Random notes

We’ve been here long enough that we are going past first impressions to notice patterns of French-isms. Or maybe they are Brittany-isms. Time will tell. Some you’ll recognize, as they are Gallic classics.


Others are not. Unlike the experiences we’ve had in other parts of France, and by that I mostly mean Paris, people in Brittany are warm and friendly. Whenever I expect to have a nasty word or expression flung upon me, I receive instead a smile, a quip or a joke. I can’t think of  a single exception. We need extra help in the post office, or forget to weigh the produce at the supermarket, or confuse the small change required to pay for an item, and it’s always a friendly and relaxed “pas de problème” or “c’est pas grave” (both essentially mean “no problem”).

The “time-out” people take habitually. You see them in park benches, in cafés, along various promenades, just hanging. No, I don’t think every French person does this every day. But they sure do it more often than Americans.

three women, rennes

The French queue as politely as the British. They even have the proverbial stiff upper lip in certain FUBAR situations. Recently we arrived at a movie theater to learn our film “séance” was going to be more than 30 minutes late. Who has ever heard of such a thing? But there was the long line of patient movie-goers, and as the time stretched on there wasn’t a single peep of frustration except from the gauche American, yours truly.

People actually attend church services in Brittany. I started off going into churches to see if the stained glass happened to be throwing off colorful reflections, and was startled to see packed naves and aisles on Sunday mornings. It’s an officially secular country, remember. Churches are mostly empty in Italy, although it is stereotyped as Catholic.


I have to add my pet peeve French-ism. They have an approach to toilets that I struggle to understand. In a home, the toilet is always separate from the room with the shower or bathtub. Good idea! But, I find it odd that no matter how fancy the bath room is, the toilet is like an indoor outhouse. Drab, cramped, a kind of embarrassment or afterthought. Plus, it’s weird to almost never find a sink in the toilet room.

Children seem to be loved, but not indulged. As a result, they tend to be very well-behaved in restaurants or other public places. Contrast that with the English family of three boys who loudly tore around a café while Mom and Dad were absorbed in their phones, oblivious to the pained glances from other habitués. And not all French children are obsessed with devices. In the castle town of Vitré, we saw two boys playing on their doorstep with paper models of medieval forts and castles.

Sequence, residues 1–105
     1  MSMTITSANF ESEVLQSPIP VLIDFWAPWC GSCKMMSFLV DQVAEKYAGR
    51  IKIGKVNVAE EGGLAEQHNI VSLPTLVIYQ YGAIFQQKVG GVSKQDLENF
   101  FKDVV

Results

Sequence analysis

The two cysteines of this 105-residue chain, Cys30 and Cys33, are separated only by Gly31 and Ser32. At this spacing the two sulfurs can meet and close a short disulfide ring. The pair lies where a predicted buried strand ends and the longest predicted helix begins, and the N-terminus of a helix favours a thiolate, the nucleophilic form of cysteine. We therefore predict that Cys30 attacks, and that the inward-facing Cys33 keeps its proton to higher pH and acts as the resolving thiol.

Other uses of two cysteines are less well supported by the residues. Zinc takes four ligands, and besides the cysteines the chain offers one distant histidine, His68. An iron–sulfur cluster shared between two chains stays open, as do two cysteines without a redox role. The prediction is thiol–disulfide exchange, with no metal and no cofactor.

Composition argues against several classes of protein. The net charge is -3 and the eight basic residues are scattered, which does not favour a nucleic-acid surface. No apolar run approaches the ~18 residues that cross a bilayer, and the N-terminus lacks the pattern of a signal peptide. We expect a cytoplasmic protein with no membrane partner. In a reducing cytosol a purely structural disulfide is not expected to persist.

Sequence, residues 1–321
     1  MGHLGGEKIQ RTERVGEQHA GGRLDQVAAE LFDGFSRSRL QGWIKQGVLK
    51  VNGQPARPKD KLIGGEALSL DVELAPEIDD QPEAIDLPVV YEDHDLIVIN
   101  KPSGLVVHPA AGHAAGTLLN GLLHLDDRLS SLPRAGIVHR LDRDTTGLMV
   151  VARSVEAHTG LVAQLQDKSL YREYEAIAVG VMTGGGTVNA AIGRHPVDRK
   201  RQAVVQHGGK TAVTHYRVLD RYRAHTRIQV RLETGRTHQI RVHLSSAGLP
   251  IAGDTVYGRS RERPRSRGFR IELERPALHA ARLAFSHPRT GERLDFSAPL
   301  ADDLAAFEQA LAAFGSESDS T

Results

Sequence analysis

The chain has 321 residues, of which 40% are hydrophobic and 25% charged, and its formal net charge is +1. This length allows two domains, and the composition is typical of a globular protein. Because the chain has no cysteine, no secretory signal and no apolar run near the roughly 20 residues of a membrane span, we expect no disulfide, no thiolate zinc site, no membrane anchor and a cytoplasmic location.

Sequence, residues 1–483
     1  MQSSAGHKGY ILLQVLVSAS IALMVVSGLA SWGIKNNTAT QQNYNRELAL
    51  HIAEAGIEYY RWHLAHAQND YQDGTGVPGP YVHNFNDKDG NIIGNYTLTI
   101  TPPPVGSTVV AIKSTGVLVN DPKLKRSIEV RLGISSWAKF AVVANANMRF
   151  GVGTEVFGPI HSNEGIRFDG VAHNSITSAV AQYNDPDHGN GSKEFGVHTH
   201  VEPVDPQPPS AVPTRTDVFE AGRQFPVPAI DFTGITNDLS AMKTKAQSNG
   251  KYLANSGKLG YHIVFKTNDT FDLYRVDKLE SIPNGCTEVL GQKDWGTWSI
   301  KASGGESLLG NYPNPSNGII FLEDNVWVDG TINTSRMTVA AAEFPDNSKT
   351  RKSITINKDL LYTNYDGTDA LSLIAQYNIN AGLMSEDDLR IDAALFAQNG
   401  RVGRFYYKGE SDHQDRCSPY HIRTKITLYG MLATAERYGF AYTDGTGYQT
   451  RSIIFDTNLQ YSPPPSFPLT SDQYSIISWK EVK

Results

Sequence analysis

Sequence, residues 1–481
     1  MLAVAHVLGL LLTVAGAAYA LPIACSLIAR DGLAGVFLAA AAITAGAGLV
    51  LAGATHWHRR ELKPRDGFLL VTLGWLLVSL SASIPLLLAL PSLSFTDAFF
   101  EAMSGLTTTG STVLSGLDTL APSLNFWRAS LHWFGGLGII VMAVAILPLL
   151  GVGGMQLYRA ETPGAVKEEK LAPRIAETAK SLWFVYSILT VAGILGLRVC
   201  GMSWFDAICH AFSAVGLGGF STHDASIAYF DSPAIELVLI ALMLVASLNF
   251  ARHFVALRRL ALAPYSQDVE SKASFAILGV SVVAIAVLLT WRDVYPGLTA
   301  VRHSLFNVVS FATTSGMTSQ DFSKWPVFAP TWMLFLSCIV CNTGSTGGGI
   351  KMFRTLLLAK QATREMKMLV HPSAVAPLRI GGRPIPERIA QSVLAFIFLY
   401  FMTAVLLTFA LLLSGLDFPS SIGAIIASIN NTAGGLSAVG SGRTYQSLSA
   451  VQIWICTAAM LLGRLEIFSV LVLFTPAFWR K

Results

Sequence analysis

boys playing medieval fort and knights Vitré Brittany

I love how, even in the case of the supermarket cashier who sees an assembly line of customers all day long, it’s a pleasant “bonjour” and “bonne journée” to begin and end our interaction. Civility counts for a lot in society, I find.




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Rennes 2030

You can’t be in Rennes long before you notice all the construction. Whether you enter by the train station, which is undergoing a major expansion and renovation, complete with green space for passengers awaiting departure, or by the airport, where a second metro line under construction will have a terminus, the works underway impress. Driving out of the city in any direction takes one past big apartment blocks and more going up. For the most part, they’re not bad-looking.

In the center, new public spaces and renovation of public buildings are underway. Several squares are currently under re-design, with more to come. The Place du Champs Jaquet (that’s a statue of the mayor during the French Revolution, tearing up  a list of people destined for the guillotine) will probably lose its bus traffic in its new incarnation.


Rennes will probably have a summer beach on the banks of the Vilaine river, Paris Plage-style, by 2020. The central market will be transformed according to the model of the Time Out market in Lisbon or Eataly in Turin. There will be more fountains and trees, pedestrianized zones and cycle paths.  For a city already with fine parks, there will be even more, and different varieties. The plan is to activate the city artfully at night, too, with the help of installations by designers.